depression · happiness · Self improvement

Rising from the ashes: surviving work burnout.

work-burnout-job-stress-concept-due-to-physical-emotional-exhaustion-overwork-career-anxiety-as-empty-tree-47223291

I’ve had a bit of time out from writing to re-group a little bit after a really tough few weeks.  My husband has been unwell; my daughter has had croup resulting in a lot of worry and sleepless nights.  I was simultaneously pounded with enormous volumes of work that spilled into my evenings, weekends and days off and led to me feeling in a constant state of stress and unable to switch off at night.

I realised how frequently I’ve felt that way over the years and again am brought back to – what am I doing in this job?

I’ve been working in a really emotionally demanding and tough profession for 12 years and it’s definitely taken its toll.  As someone who sometimes struggles with keeping my head above water, emotionally speaking, it was maybe a bit of an error to forge a career working with other people’s trauma and dysfunction!

Toker and Biron (2012) point to the clear link between depression and job burnout (which unsurprisingly, they add, is found to be ameliorated by physical activity – time to get out the yoga mat).

The two for me are inextricably linked.  My wellbeing is so hugely affected by my frustration with work and my frustration with work is exacerbated by feeling overwhelmed, sad and angry with life in general.

The Health and Safety executive website reports that 12.5 million working days were lost due to work-related stress, depression or anxiety in 2016/17.  In human health and social work services, 192,000 people are suffering from work-related illness each year.

That’s a lot of unhappiness in our society. ( I could use this as a platform to talk about the correlation between these statistics and our current Conservative government’s dismantling  of the afore-mentioned health and social work services but that’s a rant for another day…)

One of my best friends is a psychologist.  She’s spent about 10 years navigating the minds of some of the most dangerous and disturbed people in our society.  She has an incredible way of seeing the person behind the behaviour and attempting to understand their story.  The trade-off: to some extent, her happiness.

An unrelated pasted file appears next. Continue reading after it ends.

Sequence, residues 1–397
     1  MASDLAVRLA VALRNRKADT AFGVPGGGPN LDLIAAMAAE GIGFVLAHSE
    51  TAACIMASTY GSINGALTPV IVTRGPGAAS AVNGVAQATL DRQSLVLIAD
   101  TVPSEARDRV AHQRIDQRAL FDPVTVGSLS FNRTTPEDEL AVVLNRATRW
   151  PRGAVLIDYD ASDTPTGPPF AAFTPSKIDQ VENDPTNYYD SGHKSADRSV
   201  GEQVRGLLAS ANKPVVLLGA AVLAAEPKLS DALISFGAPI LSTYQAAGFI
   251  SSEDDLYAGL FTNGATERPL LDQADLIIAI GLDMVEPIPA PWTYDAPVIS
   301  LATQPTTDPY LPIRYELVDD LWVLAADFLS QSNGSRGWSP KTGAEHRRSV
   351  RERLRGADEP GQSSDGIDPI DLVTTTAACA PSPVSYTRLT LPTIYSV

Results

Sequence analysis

She was once one of the most content, brave and optimistic people I knew and while her bravery remains intact, I can’t help but think the other two have been hugely compromised.  When you spend a long time looking into the darkness, it’s hard to see the light.

I’ve seen an anger that bubbles up in conversation that wasn’t there before.  She sometimes suffers from night terrors.  She is incredibly bright and has always loved a debate but recently they’ve become emotional, personal.

It’s hard work delving into other people’s pain every day.  It can rob you of your joy.  It’s definitely taken more than its fair share of mine.

I’ve become less able to give of myself to other people.  I used to volunteer. I used to spend a lot of time “rescuing” people I knew who were in crisis (not that I advise anyone do this – people are the masters of their own happiness and destiny).

I simply do not have the energy.  I’m a mum, I’m a wife, I’m a friend to an increasingly small but hugely valued group of people.  I don’t have enough reserves to do it all.

Sherrie Bourg Carter offers some advice aimed at women experiencing burnout in the workplace that resonated with me in my current situation.  She talks about the importance of delegation, reducing stress and pressure, unplugging, and saying no.  Say no, allow yourself time to recover.  (I’ve included the link to her article below).